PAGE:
Canadian Parliamentary Press Gallery Dinner
Ottawa, Ontario, Saturday, June 4, 2016
Thank you, and congratulations to the Parliamentary Press Gallery on turning a spritely 150!
It’s wonderful to be part of this grand tradition of the Press Gallery Dinner. Governors general have attended since the early days—and that was no small feat back then.
Because as you know Rideau Hall is way out in New Edinburgh, and the roads in the 19th century capital were pretty terrible!
They were so bad, in fact, my predecessors would often travel to Parliament by barge!
They would exit Rideau Hall, cross Sussex Drive and go down the hill to Governor’s Bay, sail up the Ottawa River, disembark and then climb the long steps up Parliament Hill.
That’s quite a journey.
It was almost as hard as battling traffic and construction today!
I’m pleased to be here for this historic occasion, and I want to salute the Parliamentary Press Gallery on its 150th anniversary.
I do so for a very simple reason:
Because I think we too rarely talk about the essential role of a free press in building a free and fair democratic society.
It’s no coincidence that we’re preparing to celebrate the 150th anniversary of Confederation even as you are turning 150.
Canada as we know it would not exist without a free press to ask tough questions and tell important stories.
As Joseph Howe said in 1835 in his famous defense of press freedom—a defense which was to be followed by responsible government in Nova Scotia—a first in the British Empire:
“The only questions I ask myself are,
‘What is right?
What is just?
What is for the public good?
Those questions continue to guide this profession today, and as many of you know each year at Rideau Hall we recognize the best public service journalism in Canada with the Michener Awards.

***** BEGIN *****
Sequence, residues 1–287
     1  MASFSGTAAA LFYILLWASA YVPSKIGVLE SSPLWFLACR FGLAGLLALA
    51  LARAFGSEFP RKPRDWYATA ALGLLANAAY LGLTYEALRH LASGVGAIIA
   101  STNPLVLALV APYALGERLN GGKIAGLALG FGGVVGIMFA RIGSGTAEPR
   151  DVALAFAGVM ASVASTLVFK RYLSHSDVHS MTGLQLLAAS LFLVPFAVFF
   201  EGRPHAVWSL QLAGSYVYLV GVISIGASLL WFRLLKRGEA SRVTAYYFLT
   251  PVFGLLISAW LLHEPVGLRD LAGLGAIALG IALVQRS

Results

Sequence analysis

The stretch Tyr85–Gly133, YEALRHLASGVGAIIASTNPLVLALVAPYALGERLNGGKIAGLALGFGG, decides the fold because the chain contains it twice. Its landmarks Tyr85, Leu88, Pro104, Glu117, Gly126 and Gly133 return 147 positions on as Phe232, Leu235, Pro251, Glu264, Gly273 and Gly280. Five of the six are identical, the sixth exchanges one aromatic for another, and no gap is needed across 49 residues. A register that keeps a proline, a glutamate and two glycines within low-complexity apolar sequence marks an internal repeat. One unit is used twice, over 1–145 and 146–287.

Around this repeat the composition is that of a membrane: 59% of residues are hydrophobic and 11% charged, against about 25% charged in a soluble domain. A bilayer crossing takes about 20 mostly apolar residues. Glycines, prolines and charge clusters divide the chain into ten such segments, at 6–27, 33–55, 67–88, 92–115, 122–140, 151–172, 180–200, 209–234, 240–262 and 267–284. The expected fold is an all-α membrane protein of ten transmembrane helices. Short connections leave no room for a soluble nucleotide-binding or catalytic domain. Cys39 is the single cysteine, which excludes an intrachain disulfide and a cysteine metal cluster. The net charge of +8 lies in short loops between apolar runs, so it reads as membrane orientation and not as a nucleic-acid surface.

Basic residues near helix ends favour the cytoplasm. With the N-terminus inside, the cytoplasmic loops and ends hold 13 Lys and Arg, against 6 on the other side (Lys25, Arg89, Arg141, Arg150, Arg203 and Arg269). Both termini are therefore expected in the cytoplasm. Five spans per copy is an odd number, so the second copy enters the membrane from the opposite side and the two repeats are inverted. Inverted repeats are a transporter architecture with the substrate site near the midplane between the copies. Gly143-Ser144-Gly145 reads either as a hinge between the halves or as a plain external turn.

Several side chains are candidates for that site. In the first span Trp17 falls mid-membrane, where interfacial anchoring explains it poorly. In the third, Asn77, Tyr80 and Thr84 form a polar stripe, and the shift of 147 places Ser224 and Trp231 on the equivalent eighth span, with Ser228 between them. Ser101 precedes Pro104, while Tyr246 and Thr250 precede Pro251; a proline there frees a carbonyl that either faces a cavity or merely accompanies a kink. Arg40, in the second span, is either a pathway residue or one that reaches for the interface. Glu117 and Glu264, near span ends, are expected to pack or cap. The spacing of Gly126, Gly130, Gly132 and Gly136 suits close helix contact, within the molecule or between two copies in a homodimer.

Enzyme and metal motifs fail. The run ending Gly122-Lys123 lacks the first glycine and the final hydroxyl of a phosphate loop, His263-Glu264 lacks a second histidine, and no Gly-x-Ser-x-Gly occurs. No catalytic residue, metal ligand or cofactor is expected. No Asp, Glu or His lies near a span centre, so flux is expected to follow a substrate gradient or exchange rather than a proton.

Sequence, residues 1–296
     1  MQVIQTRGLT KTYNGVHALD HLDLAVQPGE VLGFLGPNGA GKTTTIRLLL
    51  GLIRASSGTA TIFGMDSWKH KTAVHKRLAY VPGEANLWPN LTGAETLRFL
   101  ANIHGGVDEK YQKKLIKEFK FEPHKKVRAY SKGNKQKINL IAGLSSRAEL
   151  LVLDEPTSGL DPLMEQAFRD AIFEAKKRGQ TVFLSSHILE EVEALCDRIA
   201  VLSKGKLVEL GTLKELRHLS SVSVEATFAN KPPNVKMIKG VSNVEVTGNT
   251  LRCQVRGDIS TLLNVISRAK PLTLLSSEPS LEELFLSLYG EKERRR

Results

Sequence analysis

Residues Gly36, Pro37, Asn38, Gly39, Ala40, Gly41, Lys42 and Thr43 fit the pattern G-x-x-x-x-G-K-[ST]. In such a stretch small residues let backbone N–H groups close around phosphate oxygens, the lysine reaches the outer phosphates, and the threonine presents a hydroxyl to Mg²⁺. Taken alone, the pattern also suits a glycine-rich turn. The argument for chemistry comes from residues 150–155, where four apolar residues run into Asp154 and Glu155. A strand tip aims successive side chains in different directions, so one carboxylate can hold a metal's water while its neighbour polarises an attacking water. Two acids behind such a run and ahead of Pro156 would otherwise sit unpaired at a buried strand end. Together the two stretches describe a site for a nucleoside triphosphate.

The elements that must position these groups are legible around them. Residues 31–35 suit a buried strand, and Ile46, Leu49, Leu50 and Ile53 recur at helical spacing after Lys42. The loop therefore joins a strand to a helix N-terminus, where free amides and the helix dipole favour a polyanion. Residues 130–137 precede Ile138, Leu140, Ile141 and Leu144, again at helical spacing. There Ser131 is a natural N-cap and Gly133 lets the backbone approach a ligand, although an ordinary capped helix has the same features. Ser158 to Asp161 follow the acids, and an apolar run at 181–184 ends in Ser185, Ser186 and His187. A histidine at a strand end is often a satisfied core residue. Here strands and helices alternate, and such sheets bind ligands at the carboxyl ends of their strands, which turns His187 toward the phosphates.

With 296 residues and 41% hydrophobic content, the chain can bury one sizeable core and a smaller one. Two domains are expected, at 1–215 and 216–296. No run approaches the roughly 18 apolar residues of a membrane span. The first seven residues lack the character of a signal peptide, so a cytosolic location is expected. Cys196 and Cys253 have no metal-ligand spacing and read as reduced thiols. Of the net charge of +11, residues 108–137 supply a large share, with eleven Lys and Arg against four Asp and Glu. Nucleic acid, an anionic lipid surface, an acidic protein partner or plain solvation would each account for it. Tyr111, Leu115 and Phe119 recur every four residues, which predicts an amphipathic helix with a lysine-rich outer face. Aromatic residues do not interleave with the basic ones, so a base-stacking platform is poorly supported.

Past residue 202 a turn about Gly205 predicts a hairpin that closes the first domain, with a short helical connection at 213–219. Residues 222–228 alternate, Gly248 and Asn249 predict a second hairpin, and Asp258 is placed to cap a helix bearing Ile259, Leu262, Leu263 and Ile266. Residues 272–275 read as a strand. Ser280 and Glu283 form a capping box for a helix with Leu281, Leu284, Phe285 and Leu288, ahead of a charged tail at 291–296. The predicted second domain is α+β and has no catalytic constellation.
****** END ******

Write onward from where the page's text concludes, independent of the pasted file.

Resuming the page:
These awards were established 46 years ago by my predecessor, Roland Michener, in memory of his daughter, Wendy, herself a journalist. I’d like to read from a letter I wrote to the late Roland Michener in a book of letters called ‘The Idea of Canada’.
“Dear Roland,” the letter goes. “Journalists are often accused of being hard-boiled and cynical. But in fact, the very best journalists are the least cynical people among us. They believe in right and wrong. They believe that people, while quite capable of doing the very worst to each other, are also capable of the very best. They believe in our country and in our ability to create a fair and just society. That’s why they do what they do—because they believe in hope.”
And I conclude the letter by saying:
“The best journalists are like gardeners, helping us weed the garden, allowing space for new plants to grow. They certainly know how to dig! And despite everything that’s changed in the news industry in recent years—and that’s a lot—the basic principles of good journalism have not changed. And they won’t. Journalistic ethics and integrity will never go out of style.”
After 150 years of press gallery reporting on Parliament Hill, this evening reminds us that while much has changed, some things remain the same—and so they should.
Let’s make a toast to 150 years of good journalism, and to the members of the press gallery, past, present and future.